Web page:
DAMIETTA, Egypt (Reuters) - Muslim Brotherhood lawmaker Mohammad al-Falahgi was arrested on terror charges in 2013 and held in prison, but never convicted. Earlier this year, after pleading for medical help, he died “handcuffed to the hospital bed,” according to his son Osama.
Falahgi’s family believes his death was deliberate, a way for the Egyptian state to deal with a prisoner it wanted to get rid of. Egyptian and international human rights groups, including Amnesty International and Human Rights Watch, say cases like Falahgi’s amount to a little-noticed abuse of human rights under President Abdel Fattah al-Sisi. They have recorded more than 100 cases of what they call death “by neglect” in prisons over the past two years.
Human Rights Watch says Egypt is obliged under international law to give detainees the same health care that is available to ordinary citizens. As well, Egypt’s constitution forbids treatment of prisoners that “contradicts human dignity or puts (their) health at risk.”
Despite this, the rights group said in emailed comments, “prison authorities routinely refuse life-saving care to detainees and appear to be under little or no pressure or oversight from higher officials in the Interior Ministry or Sisi’s administration.”
Over the past three months, Reuters has spoken to the families and lawyers of five prisoners who said they saw a pattern of neglect with political detainees. Three of their accounts, supported by documents, are detailed here.
No officials have been prosecuted for the death of Falahgi or any of the other alleged “deaths by neglect.” Khalid Naguib, director of Azhar Hospital where Falahgi died, said he had received proper treatment.
Spokesmen for Sisi and Egypt’s prime minister declined to comment and referred Reuters to the Interior Ministry, which did not respond to a detailed request.
An Interior Ministry source, who declined to be named, rejected the charges. Egyptian prisons have “very good medical care and hospitals and highly qualified doctors,” the person said. “Upon entering prison, prisoners are given medical tests ... If needed, they are sent to the prison hospital.”
The ministry source said the public prosecutor decides when to move prisoners. A judicial source in the public prosecutor’s office, who also declined to be named, said prisoner requests for treatment at external hospitals are “studied and taken seriously.” If medical reports show a patient has recovered, they are moved back to their cell and their condition is tracked.
The claims come as Sisi is struggling to enforce security. The former military man overthrew Egypt’s first freely elected president, Mohamed Mursi, in 2013, following massive street protests against Mursi’s rule. Sisi declared Mursi’s Muslim Brotherhood a terrorist organization, which the Brotherhood denies. Hundreds of Brotherhood supporters have been killed and thousands more arrested. Top leaders, including Mursi, have been sentenced to death.
Sisi has said his security crackdown would be accompanied by a campaign promoting religious tolerance. So far, though, much of the state’s energy has been focused on crushing its opponents. Last month, Sisi approved a new anti-terrorism law which sets up special courts and shields security forces from legal ramifications of using force.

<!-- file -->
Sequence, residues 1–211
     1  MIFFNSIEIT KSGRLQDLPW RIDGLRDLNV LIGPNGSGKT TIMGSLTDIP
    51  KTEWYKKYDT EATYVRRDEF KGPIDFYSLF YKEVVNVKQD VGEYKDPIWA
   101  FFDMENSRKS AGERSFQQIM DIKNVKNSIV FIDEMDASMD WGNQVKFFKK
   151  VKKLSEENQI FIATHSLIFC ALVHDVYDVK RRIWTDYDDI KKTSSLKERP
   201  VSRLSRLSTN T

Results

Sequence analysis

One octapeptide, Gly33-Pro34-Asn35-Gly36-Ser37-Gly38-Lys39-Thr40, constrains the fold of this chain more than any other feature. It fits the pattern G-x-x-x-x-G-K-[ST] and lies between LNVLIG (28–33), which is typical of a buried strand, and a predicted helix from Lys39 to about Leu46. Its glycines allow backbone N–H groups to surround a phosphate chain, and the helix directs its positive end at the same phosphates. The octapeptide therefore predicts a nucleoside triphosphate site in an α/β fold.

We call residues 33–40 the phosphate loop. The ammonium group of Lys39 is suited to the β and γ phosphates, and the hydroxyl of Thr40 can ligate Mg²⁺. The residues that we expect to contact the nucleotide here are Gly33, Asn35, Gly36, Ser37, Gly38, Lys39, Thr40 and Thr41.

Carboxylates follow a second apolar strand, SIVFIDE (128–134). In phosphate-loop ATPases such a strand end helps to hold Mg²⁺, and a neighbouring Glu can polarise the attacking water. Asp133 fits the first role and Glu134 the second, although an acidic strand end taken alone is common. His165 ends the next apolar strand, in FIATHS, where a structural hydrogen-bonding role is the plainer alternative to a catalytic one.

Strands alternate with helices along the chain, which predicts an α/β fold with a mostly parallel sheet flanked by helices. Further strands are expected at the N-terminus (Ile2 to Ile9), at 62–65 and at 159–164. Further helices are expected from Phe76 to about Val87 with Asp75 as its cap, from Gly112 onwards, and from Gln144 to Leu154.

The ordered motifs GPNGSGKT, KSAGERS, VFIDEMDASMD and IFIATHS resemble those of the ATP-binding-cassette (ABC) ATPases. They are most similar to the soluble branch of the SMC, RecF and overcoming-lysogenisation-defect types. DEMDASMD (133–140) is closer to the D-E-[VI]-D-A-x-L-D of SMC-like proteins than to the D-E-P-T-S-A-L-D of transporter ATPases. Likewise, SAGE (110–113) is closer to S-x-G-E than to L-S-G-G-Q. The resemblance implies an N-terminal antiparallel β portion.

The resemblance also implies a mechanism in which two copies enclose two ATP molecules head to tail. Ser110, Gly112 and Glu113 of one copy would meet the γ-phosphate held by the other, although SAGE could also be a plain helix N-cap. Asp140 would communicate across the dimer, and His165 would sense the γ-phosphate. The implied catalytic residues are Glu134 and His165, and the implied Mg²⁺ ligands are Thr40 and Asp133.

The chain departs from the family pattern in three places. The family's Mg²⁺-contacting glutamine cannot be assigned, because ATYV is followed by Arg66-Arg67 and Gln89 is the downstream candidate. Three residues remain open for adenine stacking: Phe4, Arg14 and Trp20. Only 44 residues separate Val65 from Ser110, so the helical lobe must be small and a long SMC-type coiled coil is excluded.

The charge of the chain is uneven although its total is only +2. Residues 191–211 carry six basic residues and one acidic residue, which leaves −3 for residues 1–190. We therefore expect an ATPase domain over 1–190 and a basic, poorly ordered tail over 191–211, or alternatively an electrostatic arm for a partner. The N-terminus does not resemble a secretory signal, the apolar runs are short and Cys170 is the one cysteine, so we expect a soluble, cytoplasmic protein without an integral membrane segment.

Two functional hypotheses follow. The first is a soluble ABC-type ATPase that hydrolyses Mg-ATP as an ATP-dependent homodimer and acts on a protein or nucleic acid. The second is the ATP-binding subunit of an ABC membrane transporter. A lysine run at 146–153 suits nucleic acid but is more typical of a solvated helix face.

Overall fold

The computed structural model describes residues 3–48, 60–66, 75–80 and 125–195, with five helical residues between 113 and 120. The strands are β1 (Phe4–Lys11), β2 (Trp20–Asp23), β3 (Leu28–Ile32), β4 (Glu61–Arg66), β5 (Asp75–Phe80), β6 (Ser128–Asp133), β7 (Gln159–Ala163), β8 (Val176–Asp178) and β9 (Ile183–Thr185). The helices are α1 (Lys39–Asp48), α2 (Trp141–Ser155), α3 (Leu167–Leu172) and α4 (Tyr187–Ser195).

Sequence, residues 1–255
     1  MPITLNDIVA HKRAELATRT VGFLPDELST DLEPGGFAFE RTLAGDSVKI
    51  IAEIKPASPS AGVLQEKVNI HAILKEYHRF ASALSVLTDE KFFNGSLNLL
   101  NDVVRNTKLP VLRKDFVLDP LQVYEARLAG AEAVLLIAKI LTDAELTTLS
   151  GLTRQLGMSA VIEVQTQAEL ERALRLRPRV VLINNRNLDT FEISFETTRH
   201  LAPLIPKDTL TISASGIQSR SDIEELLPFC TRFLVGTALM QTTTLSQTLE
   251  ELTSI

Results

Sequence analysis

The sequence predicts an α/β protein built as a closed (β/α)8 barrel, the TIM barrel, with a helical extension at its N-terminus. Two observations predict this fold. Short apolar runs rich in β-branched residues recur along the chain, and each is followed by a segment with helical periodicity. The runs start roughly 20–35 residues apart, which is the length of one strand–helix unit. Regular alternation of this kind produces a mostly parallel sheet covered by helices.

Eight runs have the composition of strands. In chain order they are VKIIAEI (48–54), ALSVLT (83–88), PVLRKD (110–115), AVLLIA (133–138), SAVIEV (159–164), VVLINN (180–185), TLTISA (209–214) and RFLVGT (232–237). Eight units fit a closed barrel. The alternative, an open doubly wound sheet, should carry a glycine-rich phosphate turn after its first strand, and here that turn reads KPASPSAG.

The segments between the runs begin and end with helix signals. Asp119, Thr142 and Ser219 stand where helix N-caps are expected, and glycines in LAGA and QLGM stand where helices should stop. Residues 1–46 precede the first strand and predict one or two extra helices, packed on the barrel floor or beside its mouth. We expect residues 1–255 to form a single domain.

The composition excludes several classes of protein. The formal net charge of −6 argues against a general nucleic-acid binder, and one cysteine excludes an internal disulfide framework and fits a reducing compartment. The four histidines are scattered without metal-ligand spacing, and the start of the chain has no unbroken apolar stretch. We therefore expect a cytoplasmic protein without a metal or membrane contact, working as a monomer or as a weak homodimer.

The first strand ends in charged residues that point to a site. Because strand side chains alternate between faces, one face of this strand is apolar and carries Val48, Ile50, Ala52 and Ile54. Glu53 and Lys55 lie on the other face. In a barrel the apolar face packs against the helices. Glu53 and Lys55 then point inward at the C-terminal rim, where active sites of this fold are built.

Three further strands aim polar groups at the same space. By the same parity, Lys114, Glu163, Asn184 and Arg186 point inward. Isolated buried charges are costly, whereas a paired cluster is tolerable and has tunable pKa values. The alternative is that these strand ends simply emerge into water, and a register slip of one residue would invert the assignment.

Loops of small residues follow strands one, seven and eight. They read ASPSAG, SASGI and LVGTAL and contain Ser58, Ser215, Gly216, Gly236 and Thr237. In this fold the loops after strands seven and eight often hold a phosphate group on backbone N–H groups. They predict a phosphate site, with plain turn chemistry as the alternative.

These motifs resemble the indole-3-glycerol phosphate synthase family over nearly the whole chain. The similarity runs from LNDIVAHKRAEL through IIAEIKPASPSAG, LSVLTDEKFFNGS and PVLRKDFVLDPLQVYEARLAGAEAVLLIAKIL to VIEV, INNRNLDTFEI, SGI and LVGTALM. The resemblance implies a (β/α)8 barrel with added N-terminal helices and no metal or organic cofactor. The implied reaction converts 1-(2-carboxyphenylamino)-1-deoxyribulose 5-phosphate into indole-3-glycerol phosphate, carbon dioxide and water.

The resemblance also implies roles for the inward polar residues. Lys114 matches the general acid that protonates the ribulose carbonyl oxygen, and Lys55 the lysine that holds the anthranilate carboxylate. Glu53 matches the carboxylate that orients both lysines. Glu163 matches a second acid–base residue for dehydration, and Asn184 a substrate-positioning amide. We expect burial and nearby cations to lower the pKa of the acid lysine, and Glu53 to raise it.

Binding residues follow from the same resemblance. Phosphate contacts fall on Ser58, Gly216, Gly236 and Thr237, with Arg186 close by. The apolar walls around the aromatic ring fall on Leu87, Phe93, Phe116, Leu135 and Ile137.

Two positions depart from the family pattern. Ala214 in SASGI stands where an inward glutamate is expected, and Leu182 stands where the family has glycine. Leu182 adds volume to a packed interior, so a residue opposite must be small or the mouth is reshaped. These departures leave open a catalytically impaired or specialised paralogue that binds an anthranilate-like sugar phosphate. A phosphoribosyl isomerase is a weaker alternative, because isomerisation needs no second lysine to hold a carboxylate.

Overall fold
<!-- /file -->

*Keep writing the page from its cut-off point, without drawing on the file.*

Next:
Prisoners’ families, rights activists and Muslim Brotherhood officials say part of the crackdown is happening in prisons, which by some counts hold up to 40,000 political detainees and are getting more crowded by the day. They allege prison authorities routinely decline to hospitalize sick prisoners, refuse to send physicians to critical cases, and pressure doctors to write medical reports that make prisoners seem healthier than they are.
A Brotherhood spokesman said responsibility for the deaths rests with Sisi, his prime minister and interior minister as well as the prison authorities.
In a modest home in the Mediterranean port city of Damietta, Falahgi’s family sat under a framed verse from the Koran as they recalled how plainclothes security agents grabbed their father from outside his office and took him to a local police station.
Falahgi was taken to a central security camp. It was a few weeks after Mursi’s ouster. His wife, Umm Ammar – a pious woman whose clothing revealed only her eyes, hands and feet - said Falahgi was held in solitary confinement on suspicion of forming a terrorist group. Those charges were later dropped but new ones raised, she said. On Jan. 10, 2014, the former Education Ministry employee was moved to Gamasa high-security prison, west of Damietta.
According to Umm Ammar, Falahgi suffered from diabetes and liver cirrhosis before his detention. When she began visiting him, he told her 20 inmates were surviving on food portions fit for only two men. The Interior Ministry did not respond to requests for comment on that claim.
In late 2014, Falahgi started having trouble urinating. Test results on blood and urine samples smuggled out of jail at the time showed high levels of uric acid, which can form kidney stones. In the subsequent months, his health slipped further. His wife says he lost weight, looked jaundiced and complained of severe abdominal pain. She said he was taken to hospital five times between March and May 2015 but never given adequate treatment, despite doctors’ advice. Medical reports from that period seen by Reuters show a deterioration of Falahgi’s kidney and liver functions.
Doctors detained alongside Falahgi repeatedly pressed prison officials to transfer him to a hospital, said Umm Ammar. On March 9, 2015, officials took him to a specialized hospital in Damietta. Within hours he was moved to a police station, where his wife said she visited him, before being sent back to prison four days later. His health worsened and on April 8 he was moved to the specialized hospital for X-rays. Thirty minutes later – after he was told he had stones in the left kidney and inflammation in the right – he was back in detention, according to Umm Ammar.
She showed a reporter a blood analysis dated May 7 showing levels of enzymes and bilirubin up to eight times the normal range, which two medical professionals, consulted by Reuters, said was abnormal and reflected less than optimal liver function.